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About Rockingthehomestead

Badass feminist environmentalist.
This entry was posted in Babies and Kids, Community, Gardening, Health and Diet, Living Green, Peak Oil, Saving Money, Shopping, Single Mom and tagged , , , , , , , , , , , , , , , , , , , , , , , , , , , , . Bookmark the permalink.

8 Responses to Grow your own food

  1. arduous says:

    Do you have a yard, or are you using a community plot. I’ve been toying with the idea of getting a community plot and learning to garden, but I can’t seem to ever keep anything alive. 😦

    Also I feel like I would be oddly intimidated by the gardening buffs who would probably look down on me and my measly attempts to garden. So instead, I just tell myself that by paying other farmers for their produce and not growing my own, I am helping to support local, organic farms.

  2. gkotarides says:

    I just read about growing your own food somewhere else today. The article was talking about how the price of junk food has gone down while the price of healthy foods has gone up. The article was trying to make a link between obesity, ie cheaper junk food means people will eat it more vs. the cost of healthy eating. Needless to say it got me thinking about growing my own stuff at least vegetables but can I really do this? I am sure I can but I am such a novice I wouldn’t know where to start. Great blog by the way.

  3. brandymertes says:

    Woohoo for the link from No Impact Man! That’s so awesome! I actually saw it on his site today – so congrats lady! And I also agree that we should try gardening ourself… I have no yard, but I am starting a container garden in my apartment. I’ll update you on the results when something actually starts to grow…!

  4. kweenmama says:

    We plant a garden every year. Since my hub and I both like gardening so much we have to have his and her sides of the garden. On my side I make my four kids each plant something. The four chose corn (5 different varieties), pumpkins, zucchini, and cucumbers. I added yellow squash and carrots. Hub has a TON of stuff on his side. It is so worth it when it is time to harvest! Great post!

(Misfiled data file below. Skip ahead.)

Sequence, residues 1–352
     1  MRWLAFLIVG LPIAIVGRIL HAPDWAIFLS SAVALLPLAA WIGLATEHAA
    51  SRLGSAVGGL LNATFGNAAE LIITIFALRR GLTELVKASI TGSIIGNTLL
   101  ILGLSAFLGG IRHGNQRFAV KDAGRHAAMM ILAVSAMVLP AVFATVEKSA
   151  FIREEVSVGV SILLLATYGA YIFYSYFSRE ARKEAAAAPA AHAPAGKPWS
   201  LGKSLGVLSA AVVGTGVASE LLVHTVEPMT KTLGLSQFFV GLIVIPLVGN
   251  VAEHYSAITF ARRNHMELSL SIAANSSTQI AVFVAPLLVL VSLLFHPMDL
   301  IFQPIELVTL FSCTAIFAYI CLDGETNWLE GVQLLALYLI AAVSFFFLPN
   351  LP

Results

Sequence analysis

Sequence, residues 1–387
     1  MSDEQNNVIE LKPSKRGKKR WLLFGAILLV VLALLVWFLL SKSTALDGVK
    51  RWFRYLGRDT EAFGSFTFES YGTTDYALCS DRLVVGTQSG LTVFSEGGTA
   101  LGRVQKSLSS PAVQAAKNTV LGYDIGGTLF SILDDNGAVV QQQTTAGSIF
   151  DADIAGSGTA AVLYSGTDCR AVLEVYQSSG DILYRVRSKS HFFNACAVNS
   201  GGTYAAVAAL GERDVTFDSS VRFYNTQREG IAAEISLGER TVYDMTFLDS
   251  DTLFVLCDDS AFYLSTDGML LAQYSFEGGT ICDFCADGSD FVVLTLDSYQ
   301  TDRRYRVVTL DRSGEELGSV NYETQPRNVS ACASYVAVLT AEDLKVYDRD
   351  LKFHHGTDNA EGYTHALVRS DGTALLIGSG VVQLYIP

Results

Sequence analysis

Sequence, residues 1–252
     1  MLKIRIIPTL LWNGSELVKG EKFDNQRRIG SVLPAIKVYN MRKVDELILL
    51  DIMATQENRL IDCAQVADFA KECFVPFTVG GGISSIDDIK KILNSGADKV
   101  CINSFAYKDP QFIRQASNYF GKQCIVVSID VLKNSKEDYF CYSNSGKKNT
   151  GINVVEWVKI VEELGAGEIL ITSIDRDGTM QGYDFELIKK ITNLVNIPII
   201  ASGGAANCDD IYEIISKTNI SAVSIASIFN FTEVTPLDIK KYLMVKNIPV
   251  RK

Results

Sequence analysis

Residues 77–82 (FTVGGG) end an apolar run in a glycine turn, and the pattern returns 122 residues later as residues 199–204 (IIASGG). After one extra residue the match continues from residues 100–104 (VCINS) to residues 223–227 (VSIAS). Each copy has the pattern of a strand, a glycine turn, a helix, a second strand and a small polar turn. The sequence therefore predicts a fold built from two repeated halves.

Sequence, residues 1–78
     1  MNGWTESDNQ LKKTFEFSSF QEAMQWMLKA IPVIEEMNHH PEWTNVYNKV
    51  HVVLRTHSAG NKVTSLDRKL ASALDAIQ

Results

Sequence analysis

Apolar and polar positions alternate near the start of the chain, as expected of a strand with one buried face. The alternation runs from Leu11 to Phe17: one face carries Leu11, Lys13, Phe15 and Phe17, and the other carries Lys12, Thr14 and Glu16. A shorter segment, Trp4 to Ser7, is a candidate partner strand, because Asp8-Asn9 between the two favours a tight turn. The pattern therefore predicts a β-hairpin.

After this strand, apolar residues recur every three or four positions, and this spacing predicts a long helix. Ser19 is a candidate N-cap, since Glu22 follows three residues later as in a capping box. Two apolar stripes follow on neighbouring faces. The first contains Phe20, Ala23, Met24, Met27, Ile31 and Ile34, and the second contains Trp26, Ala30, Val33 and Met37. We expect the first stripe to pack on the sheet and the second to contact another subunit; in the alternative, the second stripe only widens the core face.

5. jessimonster says:

    I’m part of an urban garden community/CSA right now. We’re in the process of buying a house with a yard right now so that I can have my own garden as well, but I’m really interested in the concept of urban gardening so I’ll probably keep up with the garden community even after I get my yard.

    There was a time when I did a lot of container gardening on my patio, but the downstairs neighbors complained that water and dirt was falling through the patio onto their porch. God forbid you get dirt and water on your porch, right? I also kept a container garden when I was deployed outside my room, but they made me get rid of it in the great GTMO purge of 04. They made us get rid of anything that wasn’t uniform. So I moved them down to our office, and then the iguanas ate it.
    But they say you can grow anything in a container. Green Couple wrote a great blog on growing potatoes in a container the other day.

  6. missed_the_memo says:

    Found your blog through No Impact Man. I like your writing style and your information on Peak Oil. Thanks for your thoughts.

  7. Excellent advice.
    Keep up the good work.

  8. Sackful says:

    Somehow i missed the point. Probably lost in translation 🙂 Anyway … nice blog to visit.

    cheers, Sackful.